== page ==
The difference between defensiveness and accountability

Learning to pay for your mistakes might lead to immediate difficulty, but is better in the long run

Tilottama Barua
Published : 22 Oct 2023, 01:28 PM
Updated : 22 Oct 2023, 01:28 PM

You know that horrible moment when you realise you messed up? We’ve all been there. But now comes the part that’s even harder.

We have two options – own up to it and apologise, or deflect blame and try to cover up your mistake.

I used to be terrible at accepting blame and owning up to my errors. I’ve been working on getting better at it for a long time and it’s not always easy. I still have issues with it sometimes.

There was a time when I would never shoulder the blame and hold myself accountable, especially in front of other people. Even if the issue stemmed from a simple misunderstanding, I would immediately react by being defensive and trying to minimise the issue. Now I see how awful I was being.

Since that time, I have come to realise how essential genuine accountability is in order to grow from our mistakes. We often try to deflect blame because we think that making a mistake means that we are bad or incompetent people. We think that admitting to our flaws will realise our worst fears. But, the truth is that when we get defensive, it is the result of our anxieties and insecurities. And it usually ended with me feeling angry and hurt although I was the one who screwed up.

Think back on all the conflicts in your life, how many times was an apology – a sincere apology – able to fix things? To me it feels like nearly every single time. The only occasions where a sincere attempt to remedy the situation and change so it doesn’t happen again are truly extreme. Like stealing someone’s cat or murdering their mother.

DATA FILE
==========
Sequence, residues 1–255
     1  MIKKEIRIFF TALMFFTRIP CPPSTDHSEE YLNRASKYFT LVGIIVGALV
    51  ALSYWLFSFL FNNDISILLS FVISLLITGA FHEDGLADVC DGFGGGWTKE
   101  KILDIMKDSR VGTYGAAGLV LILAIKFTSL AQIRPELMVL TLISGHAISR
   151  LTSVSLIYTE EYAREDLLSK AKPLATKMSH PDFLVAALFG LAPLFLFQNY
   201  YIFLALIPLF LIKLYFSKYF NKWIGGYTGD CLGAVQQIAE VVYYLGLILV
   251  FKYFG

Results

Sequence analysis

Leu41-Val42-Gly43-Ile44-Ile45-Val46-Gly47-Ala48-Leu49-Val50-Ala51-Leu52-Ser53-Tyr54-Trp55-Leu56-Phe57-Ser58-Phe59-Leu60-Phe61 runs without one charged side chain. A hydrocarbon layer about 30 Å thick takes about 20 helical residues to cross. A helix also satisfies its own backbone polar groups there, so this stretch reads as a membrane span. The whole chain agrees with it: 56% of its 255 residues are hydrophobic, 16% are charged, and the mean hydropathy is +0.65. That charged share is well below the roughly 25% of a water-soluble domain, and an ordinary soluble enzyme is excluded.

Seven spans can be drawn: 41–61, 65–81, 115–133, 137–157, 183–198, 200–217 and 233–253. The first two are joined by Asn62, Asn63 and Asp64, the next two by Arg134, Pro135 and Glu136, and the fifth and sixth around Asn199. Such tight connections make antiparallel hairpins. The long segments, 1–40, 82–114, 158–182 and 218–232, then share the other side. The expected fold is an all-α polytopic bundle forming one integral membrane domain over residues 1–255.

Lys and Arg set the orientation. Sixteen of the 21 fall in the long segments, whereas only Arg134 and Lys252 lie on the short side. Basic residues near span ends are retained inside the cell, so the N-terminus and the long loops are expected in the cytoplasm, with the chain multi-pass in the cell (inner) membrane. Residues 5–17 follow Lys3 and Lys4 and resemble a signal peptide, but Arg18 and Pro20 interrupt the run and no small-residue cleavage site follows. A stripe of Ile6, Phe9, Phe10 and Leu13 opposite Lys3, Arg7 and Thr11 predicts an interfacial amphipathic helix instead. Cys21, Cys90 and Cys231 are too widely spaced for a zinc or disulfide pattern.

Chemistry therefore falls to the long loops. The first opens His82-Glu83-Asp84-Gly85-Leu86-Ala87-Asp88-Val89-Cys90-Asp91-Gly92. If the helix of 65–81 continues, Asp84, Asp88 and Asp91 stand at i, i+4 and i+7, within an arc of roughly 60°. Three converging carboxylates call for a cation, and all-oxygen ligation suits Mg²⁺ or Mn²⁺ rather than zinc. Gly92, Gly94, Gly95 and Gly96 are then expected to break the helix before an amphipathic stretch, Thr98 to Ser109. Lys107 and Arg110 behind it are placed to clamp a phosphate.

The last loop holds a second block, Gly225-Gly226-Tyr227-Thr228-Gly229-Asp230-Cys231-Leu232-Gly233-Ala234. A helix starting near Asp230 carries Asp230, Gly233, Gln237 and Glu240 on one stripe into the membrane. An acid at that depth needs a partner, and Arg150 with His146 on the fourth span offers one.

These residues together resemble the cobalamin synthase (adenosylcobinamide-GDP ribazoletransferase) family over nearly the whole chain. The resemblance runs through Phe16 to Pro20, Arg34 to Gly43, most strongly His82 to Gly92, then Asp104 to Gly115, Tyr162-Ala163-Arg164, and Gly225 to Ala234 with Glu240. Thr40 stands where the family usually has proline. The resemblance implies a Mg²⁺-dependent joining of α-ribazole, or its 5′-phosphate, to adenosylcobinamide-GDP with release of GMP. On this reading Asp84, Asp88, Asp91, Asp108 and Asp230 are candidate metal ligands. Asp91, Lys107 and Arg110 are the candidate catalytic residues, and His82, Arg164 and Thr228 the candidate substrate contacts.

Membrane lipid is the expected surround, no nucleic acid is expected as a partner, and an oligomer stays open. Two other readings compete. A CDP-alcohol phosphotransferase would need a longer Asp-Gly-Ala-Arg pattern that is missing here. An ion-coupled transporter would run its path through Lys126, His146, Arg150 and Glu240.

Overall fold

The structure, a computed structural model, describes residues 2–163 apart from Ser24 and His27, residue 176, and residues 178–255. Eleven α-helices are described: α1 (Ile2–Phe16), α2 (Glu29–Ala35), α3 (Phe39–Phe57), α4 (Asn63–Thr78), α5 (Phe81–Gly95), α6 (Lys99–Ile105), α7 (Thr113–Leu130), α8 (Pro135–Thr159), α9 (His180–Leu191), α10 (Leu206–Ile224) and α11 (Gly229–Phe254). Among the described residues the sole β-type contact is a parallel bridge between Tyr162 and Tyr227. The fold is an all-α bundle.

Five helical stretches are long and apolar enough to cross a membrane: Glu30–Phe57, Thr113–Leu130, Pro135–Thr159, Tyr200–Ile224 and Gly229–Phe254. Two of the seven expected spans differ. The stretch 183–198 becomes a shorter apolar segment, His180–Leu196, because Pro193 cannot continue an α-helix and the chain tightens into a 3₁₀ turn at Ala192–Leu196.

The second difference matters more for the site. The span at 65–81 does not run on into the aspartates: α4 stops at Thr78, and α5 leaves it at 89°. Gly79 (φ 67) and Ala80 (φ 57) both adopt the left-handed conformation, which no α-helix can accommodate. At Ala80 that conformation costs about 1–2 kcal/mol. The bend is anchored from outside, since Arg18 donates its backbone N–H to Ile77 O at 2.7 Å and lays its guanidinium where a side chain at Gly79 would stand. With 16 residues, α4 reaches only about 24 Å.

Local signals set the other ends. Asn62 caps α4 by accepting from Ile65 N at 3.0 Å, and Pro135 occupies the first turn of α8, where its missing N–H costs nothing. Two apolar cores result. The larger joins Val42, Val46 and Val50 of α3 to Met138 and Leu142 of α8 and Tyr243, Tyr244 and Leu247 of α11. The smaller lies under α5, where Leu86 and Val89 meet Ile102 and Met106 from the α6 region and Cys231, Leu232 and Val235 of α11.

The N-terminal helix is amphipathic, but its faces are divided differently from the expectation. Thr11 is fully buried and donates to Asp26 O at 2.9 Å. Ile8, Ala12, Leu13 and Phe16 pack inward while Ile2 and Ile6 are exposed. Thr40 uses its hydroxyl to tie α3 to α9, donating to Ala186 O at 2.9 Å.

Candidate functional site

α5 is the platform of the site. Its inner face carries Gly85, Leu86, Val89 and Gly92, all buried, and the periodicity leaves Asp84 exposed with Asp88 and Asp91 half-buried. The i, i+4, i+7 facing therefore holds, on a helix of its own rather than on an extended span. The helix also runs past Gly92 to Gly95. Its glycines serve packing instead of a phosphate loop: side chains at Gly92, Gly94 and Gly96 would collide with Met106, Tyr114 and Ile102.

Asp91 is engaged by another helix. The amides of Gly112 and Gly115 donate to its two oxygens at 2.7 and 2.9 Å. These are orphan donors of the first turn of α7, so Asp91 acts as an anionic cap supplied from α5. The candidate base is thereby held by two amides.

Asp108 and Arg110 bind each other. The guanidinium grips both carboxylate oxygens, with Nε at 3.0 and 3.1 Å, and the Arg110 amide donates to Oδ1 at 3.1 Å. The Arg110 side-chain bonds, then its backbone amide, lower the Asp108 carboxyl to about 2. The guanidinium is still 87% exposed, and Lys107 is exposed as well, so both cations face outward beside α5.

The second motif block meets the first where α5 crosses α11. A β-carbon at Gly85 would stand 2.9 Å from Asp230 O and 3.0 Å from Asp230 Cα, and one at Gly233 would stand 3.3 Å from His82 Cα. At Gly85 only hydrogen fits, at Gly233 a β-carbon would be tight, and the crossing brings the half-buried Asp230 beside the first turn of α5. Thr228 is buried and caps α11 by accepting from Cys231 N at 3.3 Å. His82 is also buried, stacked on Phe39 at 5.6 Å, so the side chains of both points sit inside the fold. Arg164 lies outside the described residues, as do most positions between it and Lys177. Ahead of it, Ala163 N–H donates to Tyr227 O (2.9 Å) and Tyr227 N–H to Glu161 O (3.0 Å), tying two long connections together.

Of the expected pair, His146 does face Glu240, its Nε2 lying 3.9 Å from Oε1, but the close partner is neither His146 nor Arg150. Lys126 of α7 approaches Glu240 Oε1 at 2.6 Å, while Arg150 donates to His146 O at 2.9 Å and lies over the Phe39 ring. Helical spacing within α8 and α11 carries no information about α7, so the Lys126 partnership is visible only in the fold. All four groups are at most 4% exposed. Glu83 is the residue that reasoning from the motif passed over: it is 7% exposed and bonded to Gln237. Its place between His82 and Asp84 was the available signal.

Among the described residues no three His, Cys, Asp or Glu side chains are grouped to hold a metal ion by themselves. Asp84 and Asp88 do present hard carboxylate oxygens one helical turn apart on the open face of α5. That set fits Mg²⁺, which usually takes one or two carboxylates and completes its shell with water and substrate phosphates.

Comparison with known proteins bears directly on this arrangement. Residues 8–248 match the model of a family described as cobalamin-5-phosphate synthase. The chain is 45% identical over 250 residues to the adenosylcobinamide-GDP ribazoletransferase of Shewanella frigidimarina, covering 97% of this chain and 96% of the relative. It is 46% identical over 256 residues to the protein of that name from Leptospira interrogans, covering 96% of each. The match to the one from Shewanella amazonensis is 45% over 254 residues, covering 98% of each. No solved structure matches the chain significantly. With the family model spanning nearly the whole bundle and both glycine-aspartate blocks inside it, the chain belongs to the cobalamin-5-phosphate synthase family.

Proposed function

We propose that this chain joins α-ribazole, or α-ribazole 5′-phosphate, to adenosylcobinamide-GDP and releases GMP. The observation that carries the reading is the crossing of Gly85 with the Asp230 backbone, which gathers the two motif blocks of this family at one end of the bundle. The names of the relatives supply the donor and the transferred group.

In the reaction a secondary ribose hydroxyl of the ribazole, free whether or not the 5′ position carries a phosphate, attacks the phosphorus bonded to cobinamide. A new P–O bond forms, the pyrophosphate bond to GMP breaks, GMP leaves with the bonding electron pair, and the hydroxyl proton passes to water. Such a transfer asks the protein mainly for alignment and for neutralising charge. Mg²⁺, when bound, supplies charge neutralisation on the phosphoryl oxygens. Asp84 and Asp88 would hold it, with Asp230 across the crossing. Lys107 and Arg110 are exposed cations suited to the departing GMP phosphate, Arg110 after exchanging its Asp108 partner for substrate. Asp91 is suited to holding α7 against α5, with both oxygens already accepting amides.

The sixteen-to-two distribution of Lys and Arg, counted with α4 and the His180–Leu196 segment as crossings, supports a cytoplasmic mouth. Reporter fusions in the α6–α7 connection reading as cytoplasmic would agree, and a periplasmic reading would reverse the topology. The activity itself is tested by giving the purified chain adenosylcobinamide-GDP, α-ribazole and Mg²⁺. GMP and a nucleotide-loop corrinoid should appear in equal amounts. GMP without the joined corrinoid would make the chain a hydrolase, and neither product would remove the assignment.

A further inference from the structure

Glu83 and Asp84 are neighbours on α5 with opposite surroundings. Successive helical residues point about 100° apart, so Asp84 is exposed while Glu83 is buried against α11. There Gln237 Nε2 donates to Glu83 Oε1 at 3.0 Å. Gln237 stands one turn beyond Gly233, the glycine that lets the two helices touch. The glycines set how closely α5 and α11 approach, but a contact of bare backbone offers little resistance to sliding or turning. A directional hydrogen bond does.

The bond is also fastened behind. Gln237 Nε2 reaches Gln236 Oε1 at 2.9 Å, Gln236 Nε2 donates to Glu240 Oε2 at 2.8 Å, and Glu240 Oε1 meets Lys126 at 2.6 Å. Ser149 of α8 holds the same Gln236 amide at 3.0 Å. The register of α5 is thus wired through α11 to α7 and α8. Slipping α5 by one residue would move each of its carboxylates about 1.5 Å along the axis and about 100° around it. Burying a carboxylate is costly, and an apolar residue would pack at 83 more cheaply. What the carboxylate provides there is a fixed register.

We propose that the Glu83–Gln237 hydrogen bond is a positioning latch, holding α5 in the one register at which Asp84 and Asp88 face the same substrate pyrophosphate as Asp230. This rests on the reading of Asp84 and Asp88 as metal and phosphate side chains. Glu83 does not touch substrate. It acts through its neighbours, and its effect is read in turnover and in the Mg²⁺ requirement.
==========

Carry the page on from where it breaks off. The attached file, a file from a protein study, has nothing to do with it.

Now consider all the times you’ve been on the other side of the argument. When you know you are right and the person you’re in conflict with is wrong. Every time this has happened, my fondest wish has been for them to say they are sorry and promise to try and do better.

Since coming to this realisation I’ve made the effort to try and apologise sincerely every time I’ve been wrong. And, you know what? Every time I’ve done so, I’ve immediately felt better.

We all have this innate understanding that we, and the people around us, are simply human. We’re flawed and we can’t and shouldn’t expect anyone to be perfect.

By embracing this idea, I think my reactions have gotten a lot better over time.

So, the next time you make a mistake, tamp down that flaring sense of defensiveness, insecurity and anger. All it does is try to make you deny your own wrongdoing and deny the blame. It makes you feel bad and hurts your ability to learn and grow.

Instead, just try to apologise, look honestly at what you did wrong, and how you could do better next time. Taking responsibility and being genuinely accountable for your own words and actions will not make you a bad person.

Instead, it will give you the chance to become a better one. One who is truly worthy of the respect that you want. And, occasionally, if you’re lucky, you’ll get a chance to laugh at your own idiocy and move on.

By choosing accountability over defensiveness you help yourself develop personally, show integrity and improve as a problem solver. And you help others by improving your relationships with them.

This article is part of Stripe,'s special publication focusing on culture and society from a youth perspective.